- If you’re not seeing those voltages, then the BCM will not send the proper digital message to the PCM and the main computer will not know the engine is cranking. So it will set the trouble codes P0351, P0352, P0353, when in fact the problem lies in the ignition switch. The fix is to replace the ignition switch if the voltages aren’t correct.
How do I fix error code P0353?
What repairs can fix the P0353 code?
- Repair or replace any damaged or corroded ignition coils.
- Replace damaged or faulty ignition coil wires and connectors.
- Replace shorted or damaged wire to coil drive circuit.
- Repair or replace damaged ECM (rare)
How do I fix code P0352?
How Is Code P0352 Fixed?
- Replace the faulty ignition coil pack.
- Repair or replace the damaged coil pack wiring harness.
- Replace the defective spark plug and the spark plug wire.
- Repair the vacuum leak in the intake manifold.
- Replace the malfunctioning engine control module (ECM) or powertrain control module (PCM)
How do I fix code P0351?
How Is The P0351 Code Fixed?
- Replacing the ignition coil.
- Replacing the spark plug and spark plug wire.
- Repairing or replacing an ignition coil connector.
- Repairing any other electrical wiring or connector faults.
- Replacing the throttle body.
- Repairing or replacing the PCM.
What does po353 mean?
What Does the P0353 Code Mean? Diagnostic trouble code (DTC) P0353 stands for “ Ignition Coil “C” Primary/Secondary Circuit.” Most modern engines feature a Coil On Plug or COP ignition system. With this type of ignition system, each engine cylinder has a dedicated coil that sits on top of the spark plug.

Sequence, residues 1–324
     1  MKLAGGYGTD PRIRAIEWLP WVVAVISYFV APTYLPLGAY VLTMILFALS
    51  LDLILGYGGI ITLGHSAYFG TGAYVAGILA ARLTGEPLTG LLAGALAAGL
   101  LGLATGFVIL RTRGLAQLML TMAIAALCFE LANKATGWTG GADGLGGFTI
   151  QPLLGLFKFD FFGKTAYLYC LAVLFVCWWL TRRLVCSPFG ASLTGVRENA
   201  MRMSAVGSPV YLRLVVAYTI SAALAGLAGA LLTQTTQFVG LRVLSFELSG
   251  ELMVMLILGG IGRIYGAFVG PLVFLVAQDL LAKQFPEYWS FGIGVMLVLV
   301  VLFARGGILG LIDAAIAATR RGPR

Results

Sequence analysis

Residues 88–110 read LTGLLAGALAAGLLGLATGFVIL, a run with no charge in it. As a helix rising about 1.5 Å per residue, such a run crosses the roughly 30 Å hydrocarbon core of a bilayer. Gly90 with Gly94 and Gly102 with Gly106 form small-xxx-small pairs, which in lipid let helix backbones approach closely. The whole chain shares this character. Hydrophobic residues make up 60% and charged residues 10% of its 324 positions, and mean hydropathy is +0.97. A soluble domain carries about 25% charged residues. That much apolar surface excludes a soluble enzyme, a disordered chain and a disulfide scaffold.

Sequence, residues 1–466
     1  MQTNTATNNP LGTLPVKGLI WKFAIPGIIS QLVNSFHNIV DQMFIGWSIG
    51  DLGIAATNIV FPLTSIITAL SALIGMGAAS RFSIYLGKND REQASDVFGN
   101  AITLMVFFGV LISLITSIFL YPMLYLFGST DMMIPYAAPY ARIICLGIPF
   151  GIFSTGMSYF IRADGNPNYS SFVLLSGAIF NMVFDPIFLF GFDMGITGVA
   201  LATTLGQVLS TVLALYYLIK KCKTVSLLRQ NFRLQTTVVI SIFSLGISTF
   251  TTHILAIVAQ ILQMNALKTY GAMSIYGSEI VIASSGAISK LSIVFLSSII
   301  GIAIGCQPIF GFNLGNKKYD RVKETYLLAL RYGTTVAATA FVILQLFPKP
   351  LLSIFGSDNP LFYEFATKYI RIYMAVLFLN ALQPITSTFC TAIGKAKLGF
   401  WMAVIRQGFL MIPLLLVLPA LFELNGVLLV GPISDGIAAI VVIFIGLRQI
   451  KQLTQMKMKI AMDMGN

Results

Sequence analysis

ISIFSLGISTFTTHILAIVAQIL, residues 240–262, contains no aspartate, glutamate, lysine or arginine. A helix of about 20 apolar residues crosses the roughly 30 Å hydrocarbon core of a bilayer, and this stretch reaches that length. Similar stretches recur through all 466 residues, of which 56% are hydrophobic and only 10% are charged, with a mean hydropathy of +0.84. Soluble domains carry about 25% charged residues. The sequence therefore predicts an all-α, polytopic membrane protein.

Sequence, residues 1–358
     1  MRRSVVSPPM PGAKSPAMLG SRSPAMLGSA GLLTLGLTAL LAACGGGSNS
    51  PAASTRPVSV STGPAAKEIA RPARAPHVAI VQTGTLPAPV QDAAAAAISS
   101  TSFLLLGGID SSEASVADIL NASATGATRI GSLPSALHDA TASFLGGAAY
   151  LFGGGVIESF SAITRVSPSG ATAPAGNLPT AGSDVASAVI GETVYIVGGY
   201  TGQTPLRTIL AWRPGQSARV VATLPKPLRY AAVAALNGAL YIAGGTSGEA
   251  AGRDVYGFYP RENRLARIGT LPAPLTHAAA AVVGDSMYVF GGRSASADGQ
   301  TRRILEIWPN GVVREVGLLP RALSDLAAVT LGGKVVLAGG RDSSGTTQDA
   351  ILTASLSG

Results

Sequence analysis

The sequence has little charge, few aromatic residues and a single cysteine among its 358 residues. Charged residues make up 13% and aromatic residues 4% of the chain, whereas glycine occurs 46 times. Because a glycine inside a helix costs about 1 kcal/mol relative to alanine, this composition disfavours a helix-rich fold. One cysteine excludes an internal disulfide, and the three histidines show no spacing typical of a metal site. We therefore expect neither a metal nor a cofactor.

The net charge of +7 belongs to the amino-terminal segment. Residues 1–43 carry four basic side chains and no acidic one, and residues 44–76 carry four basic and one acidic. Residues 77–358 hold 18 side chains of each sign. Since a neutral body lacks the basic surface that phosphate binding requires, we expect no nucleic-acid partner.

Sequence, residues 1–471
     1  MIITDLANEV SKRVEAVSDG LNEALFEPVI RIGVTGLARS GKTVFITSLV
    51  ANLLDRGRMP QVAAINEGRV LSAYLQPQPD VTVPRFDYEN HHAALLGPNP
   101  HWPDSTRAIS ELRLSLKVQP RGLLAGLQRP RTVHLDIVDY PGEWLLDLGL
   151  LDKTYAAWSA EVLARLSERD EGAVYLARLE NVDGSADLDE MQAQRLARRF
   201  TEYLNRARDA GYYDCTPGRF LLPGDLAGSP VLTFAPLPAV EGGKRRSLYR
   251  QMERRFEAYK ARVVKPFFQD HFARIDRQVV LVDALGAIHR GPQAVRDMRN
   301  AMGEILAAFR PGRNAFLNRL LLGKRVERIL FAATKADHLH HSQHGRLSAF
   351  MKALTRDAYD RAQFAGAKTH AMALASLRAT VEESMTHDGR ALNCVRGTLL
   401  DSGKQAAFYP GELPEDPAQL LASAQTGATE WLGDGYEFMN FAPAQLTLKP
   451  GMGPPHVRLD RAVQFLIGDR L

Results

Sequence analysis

Where is ignition coil E located?
In this system, the ignition coil goes right above the spark plug, allowing the PCM to control the ignition circuit on each cylinder directly.
What is a ignition coil C secondary circuit?
Diagnostic trouble code (DTC) P0356 stands for “Ignition Coil F Primary/Secondary Circuit Malfunction.” If the PCM perceives a possible problem in one of the ignition coils or if it loses control of the circuit, it logs error code P0356. That’s when it typically sets the P0356 code if the fault is on cylinder #6.
Which coil is P0352?
Diagnostic trouble code (DTC) P0352 stands for “ Ignition Coil “B” Primary / Secondary Circuit Malfunction.” It indicates that there’s a potential problem in either the primary (computer) side or the secondary (spark plug) side of the ignition coil “B” (cylinder #2) circuit.
What is an ignition coil B Primary secondary circuit?
The P0352 fault code can be defined as Ignition Coil “B” Primary/Secondary Circuit Malfunction. The coil is a transformer which would revamp the lower voltage supplied by the battery into the higher voltage that spark plugs need to ignite the fuel for a successful combustion process.
Can I drive with a bad ignition coil?
It is possible to drive with a faulty Coil On Plug (COP), but not advisable. Driving with a faulty waste spark ignition system won’t be possible. Driving with a faulty coil pack can damage other components of the engine. You’ll also learn how to diagnose and replace your faulty coil.
What is primary and secondary ignition?
Ignition systems have two circuits that result in a spark being fired at the end of a spark plug. The primary circuit is between the battery and the ignition coil. The secondary circuit is between the ignition coil and the spark plug.
What does ignition coil a primary control circuit open mean?